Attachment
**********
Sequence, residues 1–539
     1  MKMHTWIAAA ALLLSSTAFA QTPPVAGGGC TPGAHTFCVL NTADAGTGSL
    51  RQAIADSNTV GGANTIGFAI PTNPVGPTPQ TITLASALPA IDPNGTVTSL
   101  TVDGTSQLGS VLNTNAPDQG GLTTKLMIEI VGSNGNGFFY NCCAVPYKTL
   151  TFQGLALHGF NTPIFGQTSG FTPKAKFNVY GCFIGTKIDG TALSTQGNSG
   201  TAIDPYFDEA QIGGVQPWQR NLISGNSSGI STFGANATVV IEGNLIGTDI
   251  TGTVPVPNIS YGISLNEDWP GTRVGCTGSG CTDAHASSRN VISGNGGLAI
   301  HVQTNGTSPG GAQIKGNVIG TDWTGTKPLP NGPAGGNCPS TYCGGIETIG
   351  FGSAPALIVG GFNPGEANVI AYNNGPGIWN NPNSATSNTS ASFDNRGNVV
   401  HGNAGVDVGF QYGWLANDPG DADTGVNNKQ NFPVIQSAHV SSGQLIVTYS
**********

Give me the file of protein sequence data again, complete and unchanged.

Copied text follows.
Sequence, residues 1–539
     1  MKMHTWIAAA ALLLSSTAFA QTPPVAGGGC TPGAHTFCVL NTADAGTGSL
    51  RQAIADSNTV GGANTIGFAI PTNPVGPTPQ TITLASALPA IDPNGTVTSL
   101  TVDGTSQLGS VLNTNAPDQG GLTTKLMIEI VGSNGNGFFY NCCAVPYKTL
   151  TFQGLALHGF NTPIFGQTSG FTPKAKFNVY GCFIGTKIDG TALSTQGNSG
   201  TAIDPYFDEA QIGGVQPWQR NLISGNSSGI STFGANATVV IEGNLIGTDI
   251  TGTVPVPNIS YGISLNEDWP GTRVGCTGSG CTDAHASSRN VISGNGGLAI
   301  HVQTNGTSPG GAQIKGNVIG TDWTGTKPLP NGPAGGNCPS TYCGGIETIG
   351  FGSAPALIVG GFNPGEANVI AYNNGPGIWN NPNSATSNTS ASFDNRGNVV
   401  HGNAGVDVGF QYGWLANDPG DADTGVNNKQ NFPVIQSAHV SSGQLIVTYS